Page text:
"Sickle-Cell Anaemia" by Osaretin / CC BY-SA 4.0

A Young Mississippi Woman’s Journey Through A Pioneering Gene-Editing Experiment

Dec 26, 2019

By Rob Stein

When Victoria Gray was just 3 months old, her family discovered something was terribly wrong.

“My grandma was giving me a bath, and I was crying. So they took me to the emergency room to get me checked out,” Gray says. “That’s when they found out that I was having my first crisis.”

It was Gray’s first sickle cell crisis. These episodes are one of the worst things about sickle cell disease, a common and often devastating genetic blood disorder. People with the condition regularly suffer sudden, excruciating bouts of pain.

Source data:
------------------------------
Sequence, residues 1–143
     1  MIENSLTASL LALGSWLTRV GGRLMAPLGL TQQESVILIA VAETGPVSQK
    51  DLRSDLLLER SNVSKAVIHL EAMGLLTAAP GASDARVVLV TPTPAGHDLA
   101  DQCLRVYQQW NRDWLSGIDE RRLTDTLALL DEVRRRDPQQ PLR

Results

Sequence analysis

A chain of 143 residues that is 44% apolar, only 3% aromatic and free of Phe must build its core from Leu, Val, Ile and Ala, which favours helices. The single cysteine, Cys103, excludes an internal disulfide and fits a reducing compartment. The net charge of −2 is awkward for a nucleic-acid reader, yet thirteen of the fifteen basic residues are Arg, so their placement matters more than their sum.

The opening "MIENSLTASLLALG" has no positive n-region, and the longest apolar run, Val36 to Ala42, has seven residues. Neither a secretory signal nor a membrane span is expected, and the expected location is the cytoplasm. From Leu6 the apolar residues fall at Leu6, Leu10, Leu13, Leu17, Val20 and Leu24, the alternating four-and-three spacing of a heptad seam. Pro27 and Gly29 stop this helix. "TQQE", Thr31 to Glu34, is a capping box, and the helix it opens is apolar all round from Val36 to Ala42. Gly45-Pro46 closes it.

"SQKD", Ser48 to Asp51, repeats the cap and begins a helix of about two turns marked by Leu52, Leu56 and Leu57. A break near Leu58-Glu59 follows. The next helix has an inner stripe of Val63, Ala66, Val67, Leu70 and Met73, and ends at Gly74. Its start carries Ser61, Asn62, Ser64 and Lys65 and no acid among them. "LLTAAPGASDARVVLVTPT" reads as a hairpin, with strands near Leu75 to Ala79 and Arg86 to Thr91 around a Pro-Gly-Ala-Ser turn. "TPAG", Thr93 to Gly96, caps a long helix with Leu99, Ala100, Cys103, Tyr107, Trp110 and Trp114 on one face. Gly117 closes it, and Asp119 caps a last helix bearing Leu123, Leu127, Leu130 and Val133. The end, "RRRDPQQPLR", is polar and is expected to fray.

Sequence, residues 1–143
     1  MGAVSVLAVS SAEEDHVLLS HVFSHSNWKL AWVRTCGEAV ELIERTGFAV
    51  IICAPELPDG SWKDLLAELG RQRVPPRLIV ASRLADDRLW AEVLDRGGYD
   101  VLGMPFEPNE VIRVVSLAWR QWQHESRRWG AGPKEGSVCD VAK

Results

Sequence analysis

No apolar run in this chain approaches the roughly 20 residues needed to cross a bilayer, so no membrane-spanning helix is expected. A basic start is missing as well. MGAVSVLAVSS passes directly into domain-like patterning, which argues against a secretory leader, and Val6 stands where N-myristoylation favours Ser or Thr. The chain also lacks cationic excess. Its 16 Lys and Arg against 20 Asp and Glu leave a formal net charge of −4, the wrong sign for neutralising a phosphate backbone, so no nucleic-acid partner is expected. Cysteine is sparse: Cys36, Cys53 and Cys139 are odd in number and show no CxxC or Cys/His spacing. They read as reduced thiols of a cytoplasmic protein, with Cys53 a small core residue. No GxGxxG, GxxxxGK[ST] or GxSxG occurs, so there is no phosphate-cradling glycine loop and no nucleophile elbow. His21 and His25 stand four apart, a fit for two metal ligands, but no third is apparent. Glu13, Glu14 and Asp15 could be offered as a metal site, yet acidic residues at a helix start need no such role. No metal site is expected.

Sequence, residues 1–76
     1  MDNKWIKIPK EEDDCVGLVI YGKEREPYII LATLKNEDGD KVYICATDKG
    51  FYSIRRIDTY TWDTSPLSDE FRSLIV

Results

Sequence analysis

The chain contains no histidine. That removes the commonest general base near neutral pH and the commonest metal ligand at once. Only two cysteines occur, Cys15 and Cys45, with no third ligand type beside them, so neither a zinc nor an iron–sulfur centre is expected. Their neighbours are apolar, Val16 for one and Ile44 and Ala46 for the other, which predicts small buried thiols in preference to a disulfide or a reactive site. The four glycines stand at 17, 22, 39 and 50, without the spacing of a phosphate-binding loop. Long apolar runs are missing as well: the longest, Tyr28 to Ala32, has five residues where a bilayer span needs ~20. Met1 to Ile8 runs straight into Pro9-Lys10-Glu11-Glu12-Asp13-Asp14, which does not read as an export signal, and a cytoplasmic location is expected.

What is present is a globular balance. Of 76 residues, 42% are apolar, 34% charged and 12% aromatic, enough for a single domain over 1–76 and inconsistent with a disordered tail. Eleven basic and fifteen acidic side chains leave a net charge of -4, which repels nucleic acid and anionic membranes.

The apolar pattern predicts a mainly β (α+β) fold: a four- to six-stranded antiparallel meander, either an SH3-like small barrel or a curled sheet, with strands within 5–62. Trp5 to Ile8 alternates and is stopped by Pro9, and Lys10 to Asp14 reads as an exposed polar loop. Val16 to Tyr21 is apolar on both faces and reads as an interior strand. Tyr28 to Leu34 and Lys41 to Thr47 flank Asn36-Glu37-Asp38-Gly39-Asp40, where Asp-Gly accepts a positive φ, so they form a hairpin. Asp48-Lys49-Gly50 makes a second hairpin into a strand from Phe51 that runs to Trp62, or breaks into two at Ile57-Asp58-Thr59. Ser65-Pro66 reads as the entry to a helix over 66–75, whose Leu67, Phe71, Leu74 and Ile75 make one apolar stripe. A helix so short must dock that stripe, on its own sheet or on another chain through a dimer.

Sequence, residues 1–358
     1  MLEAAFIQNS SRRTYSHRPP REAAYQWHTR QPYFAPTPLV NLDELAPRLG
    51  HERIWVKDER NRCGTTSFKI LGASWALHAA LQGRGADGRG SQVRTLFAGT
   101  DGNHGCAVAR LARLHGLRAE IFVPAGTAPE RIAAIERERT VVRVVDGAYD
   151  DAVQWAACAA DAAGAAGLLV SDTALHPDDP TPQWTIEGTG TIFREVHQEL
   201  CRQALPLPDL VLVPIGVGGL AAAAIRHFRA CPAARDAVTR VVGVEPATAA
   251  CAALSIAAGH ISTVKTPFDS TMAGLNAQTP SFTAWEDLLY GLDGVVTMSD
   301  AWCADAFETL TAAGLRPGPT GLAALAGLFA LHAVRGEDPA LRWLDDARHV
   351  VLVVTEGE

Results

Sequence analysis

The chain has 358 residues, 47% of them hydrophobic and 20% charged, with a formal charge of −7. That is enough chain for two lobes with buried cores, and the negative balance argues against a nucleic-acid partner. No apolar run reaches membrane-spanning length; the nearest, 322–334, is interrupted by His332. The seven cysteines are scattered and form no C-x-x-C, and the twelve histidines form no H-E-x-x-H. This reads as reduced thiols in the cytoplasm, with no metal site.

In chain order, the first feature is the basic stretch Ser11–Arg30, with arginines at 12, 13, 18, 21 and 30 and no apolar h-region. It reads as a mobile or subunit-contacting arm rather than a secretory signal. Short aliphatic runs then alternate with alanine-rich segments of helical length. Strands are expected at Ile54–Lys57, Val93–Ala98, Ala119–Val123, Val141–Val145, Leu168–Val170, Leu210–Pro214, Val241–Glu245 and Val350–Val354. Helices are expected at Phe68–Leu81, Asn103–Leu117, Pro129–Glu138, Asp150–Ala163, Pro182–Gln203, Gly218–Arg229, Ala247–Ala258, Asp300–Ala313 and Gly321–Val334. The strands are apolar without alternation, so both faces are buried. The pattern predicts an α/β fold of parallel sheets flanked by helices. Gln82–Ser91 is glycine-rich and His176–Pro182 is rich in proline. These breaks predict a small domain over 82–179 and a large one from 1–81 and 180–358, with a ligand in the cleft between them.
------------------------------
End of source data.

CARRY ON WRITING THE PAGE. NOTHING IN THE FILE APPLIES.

“Sometimes it feels like lightning strikes in my chest — and real sharp pains all over. And it’s a deep pain. I can’t touch it and make it better,” says Gray. “Sometimes, I will be just balled up and crying, not able to do anything for myself.

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